Being married is really no obstacle to getting grants for school. In fact, most federal grants work off of income level, not marital status, so being married presents little challenge even for traditional avenues of funding. Of course, being married means that you probably have other special considerations that take up your time, so it's important to make sure you meet all the attendance requirements and any other special considerations that may come with being a grant recipient. Some grants even allow exemptions from some requirements for married students.
The Federal Pell Grant is the standard student grant program, and is not limited to unmarried students. The Pell Grant is awarded according to income, so if only one of you works, or if your combined income is below $50,000, you'll be able to apply.
Many grant programs, both federal and private, are offered to students with minority status. This includes African American, Native American, Latin American, Inuit, and other minorities. Most of these grants are concerned with your nation of origin as opposed to your marital status, so being married should not be an obstacle to your application being approved.
According to College Scholarships, many subject-specific grants are designed to draw students to study a particular major. These grants are most often merit-based, and will evaluate your GPA or other accomplishments in the field, and are not limited at all by marital status. College Scholarships also points out that many minority grants can also be for specific subjects, so if you find you qualify for minority grants, be sure to see if you also qualify for one in your field of interest.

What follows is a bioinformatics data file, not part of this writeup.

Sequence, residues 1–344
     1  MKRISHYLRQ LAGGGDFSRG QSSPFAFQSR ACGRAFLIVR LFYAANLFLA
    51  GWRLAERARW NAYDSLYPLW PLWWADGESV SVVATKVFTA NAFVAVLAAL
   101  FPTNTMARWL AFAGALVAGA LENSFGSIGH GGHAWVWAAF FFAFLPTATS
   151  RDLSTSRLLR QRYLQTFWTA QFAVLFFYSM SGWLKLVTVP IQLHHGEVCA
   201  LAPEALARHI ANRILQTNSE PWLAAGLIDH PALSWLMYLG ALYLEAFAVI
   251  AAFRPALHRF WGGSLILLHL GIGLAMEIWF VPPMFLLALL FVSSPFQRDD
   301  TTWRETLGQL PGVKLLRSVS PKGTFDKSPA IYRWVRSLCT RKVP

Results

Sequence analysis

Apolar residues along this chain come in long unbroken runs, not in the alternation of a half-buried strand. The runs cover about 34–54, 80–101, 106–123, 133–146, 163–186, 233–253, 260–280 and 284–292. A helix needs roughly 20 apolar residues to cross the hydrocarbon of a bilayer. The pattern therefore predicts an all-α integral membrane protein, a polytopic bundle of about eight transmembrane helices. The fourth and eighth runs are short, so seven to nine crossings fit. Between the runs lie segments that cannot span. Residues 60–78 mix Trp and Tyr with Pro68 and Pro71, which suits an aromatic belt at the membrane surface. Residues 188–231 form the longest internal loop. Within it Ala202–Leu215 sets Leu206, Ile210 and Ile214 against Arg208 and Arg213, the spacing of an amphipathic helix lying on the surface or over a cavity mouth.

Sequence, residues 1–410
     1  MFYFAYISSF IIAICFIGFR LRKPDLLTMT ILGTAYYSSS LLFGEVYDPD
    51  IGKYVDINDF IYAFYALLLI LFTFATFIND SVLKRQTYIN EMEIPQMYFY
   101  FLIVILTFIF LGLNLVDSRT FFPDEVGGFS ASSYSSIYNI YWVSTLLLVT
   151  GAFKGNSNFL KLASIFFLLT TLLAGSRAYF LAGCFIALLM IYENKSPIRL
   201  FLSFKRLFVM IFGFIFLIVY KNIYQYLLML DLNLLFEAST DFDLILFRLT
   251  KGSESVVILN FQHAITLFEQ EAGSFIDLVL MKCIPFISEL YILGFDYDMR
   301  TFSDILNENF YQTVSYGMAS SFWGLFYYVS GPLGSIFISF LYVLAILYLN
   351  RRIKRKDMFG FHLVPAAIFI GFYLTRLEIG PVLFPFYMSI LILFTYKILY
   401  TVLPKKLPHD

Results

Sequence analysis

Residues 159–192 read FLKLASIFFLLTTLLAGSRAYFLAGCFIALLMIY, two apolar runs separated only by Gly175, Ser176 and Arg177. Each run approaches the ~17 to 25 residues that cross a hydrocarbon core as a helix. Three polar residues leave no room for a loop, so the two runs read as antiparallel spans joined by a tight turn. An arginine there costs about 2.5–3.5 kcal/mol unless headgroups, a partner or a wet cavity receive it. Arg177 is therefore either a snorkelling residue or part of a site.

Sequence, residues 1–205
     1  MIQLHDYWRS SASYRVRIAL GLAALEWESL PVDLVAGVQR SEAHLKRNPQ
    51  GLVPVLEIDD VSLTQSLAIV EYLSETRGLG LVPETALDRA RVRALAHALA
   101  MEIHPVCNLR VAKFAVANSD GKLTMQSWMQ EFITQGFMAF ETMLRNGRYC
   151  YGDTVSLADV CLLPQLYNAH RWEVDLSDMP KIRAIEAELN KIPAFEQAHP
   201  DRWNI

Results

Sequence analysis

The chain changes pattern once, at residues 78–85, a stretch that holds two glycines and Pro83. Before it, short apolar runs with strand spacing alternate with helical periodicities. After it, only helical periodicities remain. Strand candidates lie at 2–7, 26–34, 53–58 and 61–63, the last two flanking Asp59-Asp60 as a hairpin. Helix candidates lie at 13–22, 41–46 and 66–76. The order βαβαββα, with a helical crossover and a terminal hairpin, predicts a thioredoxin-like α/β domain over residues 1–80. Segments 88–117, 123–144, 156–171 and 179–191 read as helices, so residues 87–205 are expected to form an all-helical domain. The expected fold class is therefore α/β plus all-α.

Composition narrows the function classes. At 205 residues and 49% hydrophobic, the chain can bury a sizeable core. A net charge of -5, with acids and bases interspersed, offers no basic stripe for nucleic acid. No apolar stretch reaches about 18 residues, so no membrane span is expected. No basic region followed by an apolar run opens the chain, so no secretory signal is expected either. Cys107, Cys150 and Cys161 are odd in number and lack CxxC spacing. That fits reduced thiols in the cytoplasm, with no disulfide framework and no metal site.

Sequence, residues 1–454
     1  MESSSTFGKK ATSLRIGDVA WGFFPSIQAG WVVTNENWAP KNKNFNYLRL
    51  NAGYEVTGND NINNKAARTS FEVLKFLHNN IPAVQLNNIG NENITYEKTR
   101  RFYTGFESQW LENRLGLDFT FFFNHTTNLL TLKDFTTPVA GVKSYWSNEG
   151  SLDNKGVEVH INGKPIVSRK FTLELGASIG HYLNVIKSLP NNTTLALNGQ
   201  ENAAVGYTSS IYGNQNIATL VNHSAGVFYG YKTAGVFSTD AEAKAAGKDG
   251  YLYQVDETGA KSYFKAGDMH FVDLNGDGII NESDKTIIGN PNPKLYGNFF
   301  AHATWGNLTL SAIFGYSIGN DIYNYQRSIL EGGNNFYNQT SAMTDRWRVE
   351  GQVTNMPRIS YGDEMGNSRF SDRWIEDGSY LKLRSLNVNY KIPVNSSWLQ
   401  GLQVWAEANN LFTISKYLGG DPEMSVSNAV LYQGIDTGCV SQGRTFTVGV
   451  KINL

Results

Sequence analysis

Adult Learning Grants
Many married students are over the average age for college students. The truth is that the American college landscape is just as diverse as the rest of the population when it comes to age, and since some grants are only for older adult students, this may work to your advantage. Adult learning grants may be offered by your particular school. A few federal grants, like the Federal Supplemental Education Opportunity Grant, are just for adult learners. Married women can also check outside sources of assistance like the The Janette Rankin Foundation.
Returning Student Grants
Perhaps you started college once, but quit and decided to get married, but now you'd like to finish up. There are many grants available for just this kind of situation, and the getting married part won't affect your eligibility. For example, the Altrusa Grant Fund or the Alma Baron Second Chance for Women Grant are both for women who have previously attended college and now wish to return. Once again, these are not based on marital status, so married women may apply provided they meet the other requirements of the grant.